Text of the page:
Soccer, basketball and track standout earns honor
By Jim Hague
Observer Sports Writer
When Camila Alonso first arrived at Lyndhurst High School three years ago, transferring to Lyndhurst from Lodi, she almost felt like a fish out of water.
“I really didn’t know anyone,” Alonso said.
But Alonso knew that she wanted to participate in athletics.
“I started to play soccer when I was 10 in Lodi,” Alonso said. “So when we came here to Lyndhurst, it was natural that I played soccer. I played freshman basketball at Lodi, but I was a point guard there, because they didn’t have anyone to bring the ball up the court.”
So Alonso played soccer in the fall and basketball in the winter. Later on, she gave track and field a try.
Three years later, Alonso has developed into one of the best all-around athletes in Lyndhurst High School history.
Last week, Alonso culminated her brilliant high school career by receiving the 2012-13 Observer Female Athlete of the Year, becoming the second Lyndhurst girl to ever receive the award. Cassie Indri received the award in 2009.
“It’s crazy when you think of it,” said Kim Hykey, Alonso’s coach in both soccer and track and field. “I think it’s the type of storybook tale that you don’t think can happen. They make movies about things like this.”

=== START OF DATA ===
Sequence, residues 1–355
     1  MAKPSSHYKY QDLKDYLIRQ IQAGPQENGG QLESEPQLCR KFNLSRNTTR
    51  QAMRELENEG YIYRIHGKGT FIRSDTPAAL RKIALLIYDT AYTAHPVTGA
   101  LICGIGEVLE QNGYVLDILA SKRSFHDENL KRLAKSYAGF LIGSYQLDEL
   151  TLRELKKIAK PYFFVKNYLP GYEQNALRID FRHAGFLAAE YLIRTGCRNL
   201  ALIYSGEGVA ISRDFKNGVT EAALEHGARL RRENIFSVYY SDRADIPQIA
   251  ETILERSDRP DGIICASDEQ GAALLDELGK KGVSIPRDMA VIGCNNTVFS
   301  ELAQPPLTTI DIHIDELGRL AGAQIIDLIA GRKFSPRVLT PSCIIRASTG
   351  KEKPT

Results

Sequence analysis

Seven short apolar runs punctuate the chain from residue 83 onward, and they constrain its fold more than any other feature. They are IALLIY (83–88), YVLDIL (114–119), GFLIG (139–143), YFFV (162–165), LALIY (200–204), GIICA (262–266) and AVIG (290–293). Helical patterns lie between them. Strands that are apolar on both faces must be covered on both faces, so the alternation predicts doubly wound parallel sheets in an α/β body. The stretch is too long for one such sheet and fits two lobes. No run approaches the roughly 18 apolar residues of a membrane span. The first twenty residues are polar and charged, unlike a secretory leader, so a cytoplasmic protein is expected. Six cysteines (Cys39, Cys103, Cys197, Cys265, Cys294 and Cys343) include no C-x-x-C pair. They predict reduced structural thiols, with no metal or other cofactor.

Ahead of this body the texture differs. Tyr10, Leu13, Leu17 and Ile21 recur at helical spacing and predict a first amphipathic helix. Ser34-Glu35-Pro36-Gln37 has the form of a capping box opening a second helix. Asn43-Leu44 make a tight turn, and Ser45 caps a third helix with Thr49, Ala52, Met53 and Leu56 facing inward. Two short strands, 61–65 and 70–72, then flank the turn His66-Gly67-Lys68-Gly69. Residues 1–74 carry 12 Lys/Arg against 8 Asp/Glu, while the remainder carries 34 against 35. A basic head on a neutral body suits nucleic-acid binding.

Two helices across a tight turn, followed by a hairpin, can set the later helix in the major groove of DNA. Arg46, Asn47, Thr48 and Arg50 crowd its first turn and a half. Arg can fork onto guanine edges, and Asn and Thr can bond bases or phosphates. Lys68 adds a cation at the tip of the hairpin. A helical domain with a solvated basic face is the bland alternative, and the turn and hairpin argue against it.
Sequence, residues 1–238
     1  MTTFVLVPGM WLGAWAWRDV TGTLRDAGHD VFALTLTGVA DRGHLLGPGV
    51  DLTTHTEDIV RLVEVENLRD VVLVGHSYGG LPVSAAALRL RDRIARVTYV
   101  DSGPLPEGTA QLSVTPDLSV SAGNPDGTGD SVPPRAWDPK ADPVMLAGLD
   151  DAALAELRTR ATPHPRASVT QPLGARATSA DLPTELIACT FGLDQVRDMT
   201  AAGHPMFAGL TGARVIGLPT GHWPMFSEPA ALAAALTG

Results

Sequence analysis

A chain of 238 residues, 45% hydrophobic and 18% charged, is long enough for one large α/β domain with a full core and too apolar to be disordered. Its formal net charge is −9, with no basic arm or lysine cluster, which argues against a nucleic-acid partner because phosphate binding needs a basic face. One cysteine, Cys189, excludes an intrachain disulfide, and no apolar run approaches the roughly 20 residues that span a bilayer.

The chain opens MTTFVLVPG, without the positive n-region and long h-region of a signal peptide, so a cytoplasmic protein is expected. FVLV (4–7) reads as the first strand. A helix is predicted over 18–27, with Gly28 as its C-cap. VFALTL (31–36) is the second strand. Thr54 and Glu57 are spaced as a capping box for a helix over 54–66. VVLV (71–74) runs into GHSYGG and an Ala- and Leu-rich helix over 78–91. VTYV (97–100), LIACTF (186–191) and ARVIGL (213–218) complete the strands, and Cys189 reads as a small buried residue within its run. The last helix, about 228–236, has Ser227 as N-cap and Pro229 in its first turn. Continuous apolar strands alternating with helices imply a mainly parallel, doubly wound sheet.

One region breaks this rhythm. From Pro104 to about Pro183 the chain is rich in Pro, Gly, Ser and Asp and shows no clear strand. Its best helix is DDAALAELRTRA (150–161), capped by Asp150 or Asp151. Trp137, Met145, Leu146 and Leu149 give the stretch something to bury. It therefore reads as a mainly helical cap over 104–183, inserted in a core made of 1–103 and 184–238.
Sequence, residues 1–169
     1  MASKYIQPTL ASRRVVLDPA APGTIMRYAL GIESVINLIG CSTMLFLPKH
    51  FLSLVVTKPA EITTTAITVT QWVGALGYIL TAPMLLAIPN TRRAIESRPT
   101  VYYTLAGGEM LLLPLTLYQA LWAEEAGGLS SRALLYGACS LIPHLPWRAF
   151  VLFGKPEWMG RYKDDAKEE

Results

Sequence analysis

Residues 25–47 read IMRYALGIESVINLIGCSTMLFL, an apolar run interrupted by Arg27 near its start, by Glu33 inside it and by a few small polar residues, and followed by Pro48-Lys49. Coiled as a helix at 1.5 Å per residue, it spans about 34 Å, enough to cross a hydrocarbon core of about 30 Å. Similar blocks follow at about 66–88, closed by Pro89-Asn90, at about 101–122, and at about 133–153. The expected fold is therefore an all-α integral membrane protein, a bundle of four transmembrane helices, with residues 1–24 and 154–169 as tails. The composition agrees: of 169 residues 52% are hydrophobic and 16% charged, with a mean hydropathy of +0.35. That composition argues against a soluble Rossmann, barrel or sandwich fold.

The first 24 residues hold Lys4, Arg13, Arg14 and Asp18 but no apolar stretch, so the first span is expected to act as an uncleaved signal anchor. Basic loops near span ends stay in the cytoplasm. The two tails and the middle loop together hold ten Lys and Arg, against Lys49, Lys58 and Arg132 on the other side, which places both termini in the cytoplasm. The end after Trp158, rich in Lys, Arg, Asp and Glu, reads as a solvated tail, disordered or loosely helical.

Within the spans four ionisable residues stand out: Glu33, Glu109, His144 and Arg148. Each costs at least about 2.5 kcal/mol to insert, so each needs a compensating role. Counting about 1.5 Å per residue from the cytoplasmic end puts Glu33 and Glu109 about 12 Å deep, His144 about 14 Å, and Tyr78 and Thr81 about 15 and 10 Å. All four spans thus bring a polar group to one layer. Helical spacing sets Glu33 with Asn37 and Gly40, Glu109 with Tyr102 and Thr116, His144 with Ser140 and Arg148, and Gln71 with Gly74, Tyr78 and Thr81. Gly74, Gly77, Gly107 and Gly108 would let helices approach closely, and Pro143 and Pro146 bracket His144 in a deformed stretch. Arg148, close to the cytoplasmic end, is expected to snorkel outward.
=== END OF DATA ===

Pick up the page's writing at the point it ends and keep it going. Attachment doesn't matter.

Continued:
Alonso wasn’t even a member of the varsity basketball team as a sophomore. She was playing on the junior varsity when she scored 37 points in a double overtime game. “I just remember everything I shot went in,” Alonso said of that game.
“From the start, it didn’t look like Camila was going to be a player,” Lyndhurst head girls’ basketball coach Perrin Mosca said. “It didn’t seem like it. But she had that one game and we had to bring her up to the varsity.”
After enjoying success on the varsity level, Alonso said that she worked hard on her basketball skills.
“After my sophomore year, I took the game more seriously and put more time into it,” Alonso said. “I got a lot better. I played on a travel team. I worked a lot on my post moves.”
Once Alonso became an inside player, her game took over. As a senior, Alonso averaged close to 20 points and 13 rebounds per game, including setting a new single-game school scoring record when she scored 46 points in a win over Leonia.
“That was just unbelievable,” Alonso said. “Who would have ever thought I could score 46 points in one game? It was unreal.”
“Once it clicked for her, once she knew what she was capable of doing, it just took off,” Mosca said. “We certainly weren’t looking for her to break a record. That was just a special night. But she worked her tail off to become a better basketball player. She bought into what the coaches were saying and we worked with her.”
Mosca, who has resigned from his coaching position at Lyndhurst to take over the girls’ basketball program at his alma mater Hackensack, said that Alonso’s demeanor was a blessing to his team.
“She never gave up,” Mosca said. “She fought hard and worked hard. She’s just a great kid who never took credit for what she accomplished. She always gave credit to her teammates. She was a great kid to coach and as I look back someday, she’ll be one of the best I’ll ever coach. She definitely leaves a legacy.”
Alonso left Lyndhurst with more than 1,000 points in her career, becoming only the fifth Lyndhurst girls’ player to eclipse the prestigious milestone.
Hykey said that Alonso’s senior year in soccer as a defender was curtailed by a foot injury.